Here’s a fact: The majority of donors today are over 60 years old.

Another fact: The majority of money donated comes from donors 60 and over.

Here’s a good guess: the vast majority of website designers, fundraising professionals, program staff and consultants are much younger than that.

Here’s why this is a potential problem in fundraising: naïve realism. That’s a cognitive bias in which we all believe that the way we view things is objective truth. Daniel Kahneman, the father behavioral economics, puts it this way: “other people view the world much the way we do…We do not go through life imagining alternative ways to see what we see.”

In a snarkier vein, here’s how my coach puts it: “other people are not just failed versions of you.”

Naïve realism is insidious. We intellectually know our partners, our kids, our colleagues, and our donors all have their own unique perspectives on things, but some part of us just doesn’t believe it. That’s why my mother-in-law thinks “I’m wrong” when I tell her I don’t like sweet potatoes.

In fundraising, naïve realism wreaks havoc on a daily basis. Program staff tear up draft copy believing that like them, donors see the world through the lens of academic training. Website donors design websites that they personally think are awesome, never mind that the average donor may find it impossible to navigate. And on and on.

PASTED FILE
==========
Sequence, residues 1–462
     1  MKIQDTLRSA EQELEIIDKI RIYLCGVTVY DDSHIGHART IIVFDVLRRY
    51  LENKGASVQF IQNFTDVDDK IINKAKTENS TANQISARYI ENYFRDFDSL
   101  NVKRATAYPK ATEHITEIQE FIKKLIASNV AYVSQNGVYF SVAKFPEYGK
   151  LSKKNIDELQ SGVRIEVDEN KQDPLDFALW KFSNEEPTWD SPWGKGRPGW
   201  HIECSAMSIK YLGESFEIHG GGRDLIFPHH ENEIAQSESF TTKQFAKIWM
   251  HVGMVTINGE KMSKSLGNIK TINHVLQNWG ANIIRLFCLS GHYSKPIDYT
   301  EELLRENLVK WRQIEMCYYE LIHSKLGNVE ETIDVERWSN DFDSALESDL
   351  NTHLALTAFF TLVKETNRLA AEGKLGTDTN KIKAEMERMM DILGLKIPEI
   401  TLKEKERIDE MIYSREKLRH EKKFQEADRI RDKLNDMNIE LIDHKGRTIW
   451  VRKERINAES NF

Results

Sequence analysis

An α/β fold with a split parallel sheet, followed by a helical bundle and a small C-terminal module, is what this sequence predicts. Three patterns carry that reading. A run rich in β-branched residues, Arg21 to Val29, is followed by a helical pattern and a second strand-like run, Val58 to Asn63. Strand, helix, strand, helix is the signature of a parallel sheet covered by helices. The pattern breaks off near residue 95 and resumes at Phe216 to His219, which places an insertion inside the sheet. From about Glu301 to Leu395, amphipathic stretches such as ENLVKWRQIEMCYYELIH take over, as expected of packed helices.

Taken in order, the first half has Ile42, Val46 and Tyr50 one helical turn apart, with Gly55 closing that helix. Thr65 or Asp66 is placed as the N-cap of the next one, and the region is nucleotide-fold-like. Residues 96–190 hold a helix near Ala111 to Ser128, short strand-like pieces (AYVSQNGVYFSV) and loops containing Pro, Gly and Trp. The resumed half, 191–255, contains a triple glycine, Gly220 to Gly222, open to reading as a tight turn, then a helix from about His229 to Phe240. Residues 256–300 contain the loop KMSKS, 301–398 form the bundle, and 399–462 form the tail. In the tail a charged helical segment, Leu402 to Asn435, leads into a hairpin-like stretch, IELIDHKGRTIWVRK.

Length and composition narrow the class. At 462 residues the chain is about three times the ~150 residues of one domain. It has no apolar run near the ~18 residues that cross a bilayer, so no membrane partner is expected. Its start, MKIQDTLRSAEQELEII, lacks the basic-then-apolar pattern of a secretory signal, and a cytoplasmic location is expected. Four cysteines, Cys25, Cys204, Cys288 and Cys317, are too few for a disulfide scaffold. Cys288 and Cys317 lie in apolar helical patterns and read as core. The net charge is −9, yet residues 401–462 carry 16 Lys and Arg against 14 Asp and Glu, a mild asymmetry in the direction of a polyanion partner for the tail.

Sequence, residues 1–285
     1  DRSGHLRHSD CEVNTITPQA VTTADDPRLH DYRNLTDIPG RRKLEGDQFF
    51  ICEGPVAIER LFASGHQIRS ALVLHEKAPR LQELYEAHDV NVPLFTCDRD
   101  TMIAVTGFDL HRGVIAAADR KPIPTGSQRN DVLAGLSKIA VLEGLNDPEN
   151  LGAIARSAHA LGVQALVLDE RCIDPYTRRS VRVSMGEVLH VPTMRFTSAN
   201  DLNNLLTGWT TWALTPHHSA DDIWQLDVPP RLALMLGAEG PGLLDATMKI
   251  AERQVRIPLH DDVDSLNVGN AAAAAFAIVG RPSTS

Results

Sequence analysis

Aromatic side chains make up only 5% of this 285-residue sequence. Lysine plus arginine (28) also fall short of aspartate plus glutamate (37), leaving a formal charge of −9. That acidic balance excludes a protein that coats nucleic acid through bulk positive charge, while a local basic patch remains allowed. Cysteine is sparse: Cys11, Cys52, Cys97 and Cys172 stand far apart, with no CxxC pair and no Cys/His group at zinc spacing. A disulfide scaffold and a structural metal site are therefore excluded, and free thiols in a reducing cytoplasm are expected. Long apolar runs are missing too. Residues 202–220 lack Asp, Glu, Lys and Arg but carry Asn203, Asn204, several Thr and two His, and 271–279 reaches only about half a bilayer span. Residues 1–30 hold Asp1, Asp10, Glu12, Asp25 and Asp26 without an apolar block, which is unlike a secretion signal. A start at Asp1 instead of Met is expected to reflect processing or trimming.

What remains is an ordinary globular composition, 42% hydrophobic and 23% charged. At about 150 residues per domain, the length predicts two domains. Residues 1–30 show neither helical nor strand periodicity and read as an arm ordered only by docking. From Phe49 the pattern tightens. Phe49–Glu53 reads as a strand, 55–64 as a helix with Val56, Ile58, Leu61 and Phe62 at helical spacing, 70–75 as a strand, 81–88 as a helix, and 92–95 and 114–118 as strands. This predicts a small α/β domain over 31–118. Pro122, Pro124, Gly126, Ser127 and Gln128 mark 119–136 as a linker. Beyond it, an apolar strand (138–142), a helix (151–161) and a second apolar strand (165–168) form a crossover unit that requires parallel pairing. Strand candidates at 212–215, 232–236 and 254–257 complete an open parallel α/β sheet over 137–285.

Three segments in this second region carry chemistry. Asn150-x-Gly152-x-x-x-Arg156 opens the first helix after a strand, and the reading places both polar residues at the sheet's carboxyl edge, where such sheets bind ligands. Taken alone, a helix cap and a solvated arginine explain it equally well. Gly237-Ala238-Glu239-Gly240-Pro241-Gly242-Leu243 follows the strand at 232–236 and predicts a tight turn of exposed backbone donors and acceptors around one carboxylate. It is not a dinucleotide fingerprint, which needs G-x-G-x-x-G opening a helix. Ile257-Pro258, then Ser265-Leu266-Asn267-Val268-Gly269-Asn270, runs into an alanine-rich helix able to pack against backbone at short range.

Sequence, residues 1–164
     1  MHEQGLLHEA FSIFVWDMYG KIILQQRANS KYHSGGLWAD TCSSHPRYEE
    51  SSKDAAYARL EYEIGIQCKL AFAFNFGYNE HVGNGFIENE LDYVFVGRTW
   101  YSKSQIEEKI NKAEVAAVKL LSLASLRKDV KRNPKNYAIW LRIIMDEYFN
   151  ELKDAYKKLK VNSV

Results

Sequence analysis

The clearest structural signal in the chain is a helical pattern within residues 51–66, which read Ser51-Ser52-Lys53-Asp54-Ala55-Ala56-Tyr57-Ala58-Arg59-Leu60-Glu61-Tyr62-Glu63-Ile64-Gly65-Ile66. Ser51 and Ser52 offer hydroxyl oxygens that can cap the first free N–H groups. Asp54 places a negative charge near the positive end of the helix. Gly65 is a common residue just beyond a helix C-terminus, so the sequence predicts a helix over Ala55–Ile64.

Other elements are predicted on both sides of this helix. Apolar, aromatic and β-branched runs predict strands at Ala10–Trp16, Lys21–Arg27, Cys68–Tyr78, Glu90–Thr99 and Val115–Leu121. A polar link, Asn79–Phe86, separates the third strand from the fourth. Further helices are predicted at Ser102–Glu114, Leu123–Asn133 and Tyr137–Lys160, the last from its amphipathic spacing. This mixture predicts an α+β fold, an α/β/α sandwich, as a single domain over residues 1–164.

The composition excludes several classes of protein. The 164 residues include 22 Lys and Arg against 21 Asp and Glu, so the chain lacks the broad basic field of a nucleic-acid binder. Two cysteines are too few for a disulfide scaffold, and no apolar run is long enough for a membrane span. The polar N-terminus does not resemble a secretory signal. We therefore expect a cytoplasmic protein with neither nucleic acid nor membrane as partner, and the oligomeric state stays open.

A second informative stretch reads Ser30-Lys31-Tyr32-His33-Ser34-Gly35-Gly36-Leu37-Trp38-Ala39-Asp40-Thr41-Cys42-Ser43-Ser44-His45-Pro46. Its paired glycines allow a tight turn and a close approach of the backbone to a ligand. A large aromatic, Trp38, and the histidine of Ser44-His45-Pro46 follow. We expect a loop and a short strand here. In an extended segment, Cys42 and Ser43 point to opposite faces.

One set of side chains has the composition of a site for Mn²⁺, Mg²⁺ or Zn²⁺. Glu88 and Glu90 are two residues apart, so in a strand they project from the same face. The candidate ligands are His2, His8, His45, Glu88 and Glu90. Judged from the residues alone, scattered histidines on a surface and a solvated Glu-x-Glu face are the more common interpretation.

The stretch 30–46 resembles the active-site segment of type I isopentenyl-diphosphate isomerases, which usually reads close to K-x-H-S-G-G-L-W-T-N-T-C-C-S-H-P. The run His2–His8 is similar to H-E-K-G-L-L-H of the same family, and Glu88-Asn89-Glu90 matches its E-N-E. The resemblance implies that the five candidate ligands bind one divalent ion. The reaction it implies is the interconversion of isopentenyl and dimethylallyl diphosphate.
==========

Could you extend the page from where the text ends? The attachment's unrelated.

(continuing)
This is a fixable problem, but it’s a lot of work. First, abandon the fantasy that just because you understand that naïve realism is a cognitive bias, you’re not vulnerable to it. Kahneman himself says “there are many biases, and I certainly do not claim to be immune from them. I suffer from all of them.”  So do you and I.

Second, replace your biased certainty with data. It takes less than an hour or two to user test a website page or a donate form with three or four over-60 donors. Don’t fall into the trap of believing that this ‘unscientific sample’ of seniors doesn’t prove anything. If you’re 35 or 40, the odds are really good that their perception is more representative than yours.

Third, trust the experts who have studied the data. Tom Ahern has written books on how things like reversed-out type, small type, and other printing fads make copy unreadable to older eyes. Hemingwayapp will tell you instantly whether your “About Us” copy is incomprehensible to anyone but someone with three doctorates.

Fundraising is fundamentally about good communication. Good communication requires a deep humility that your donors are not just other versions of you.

The truth is out there. It’s just probably not what you think it is.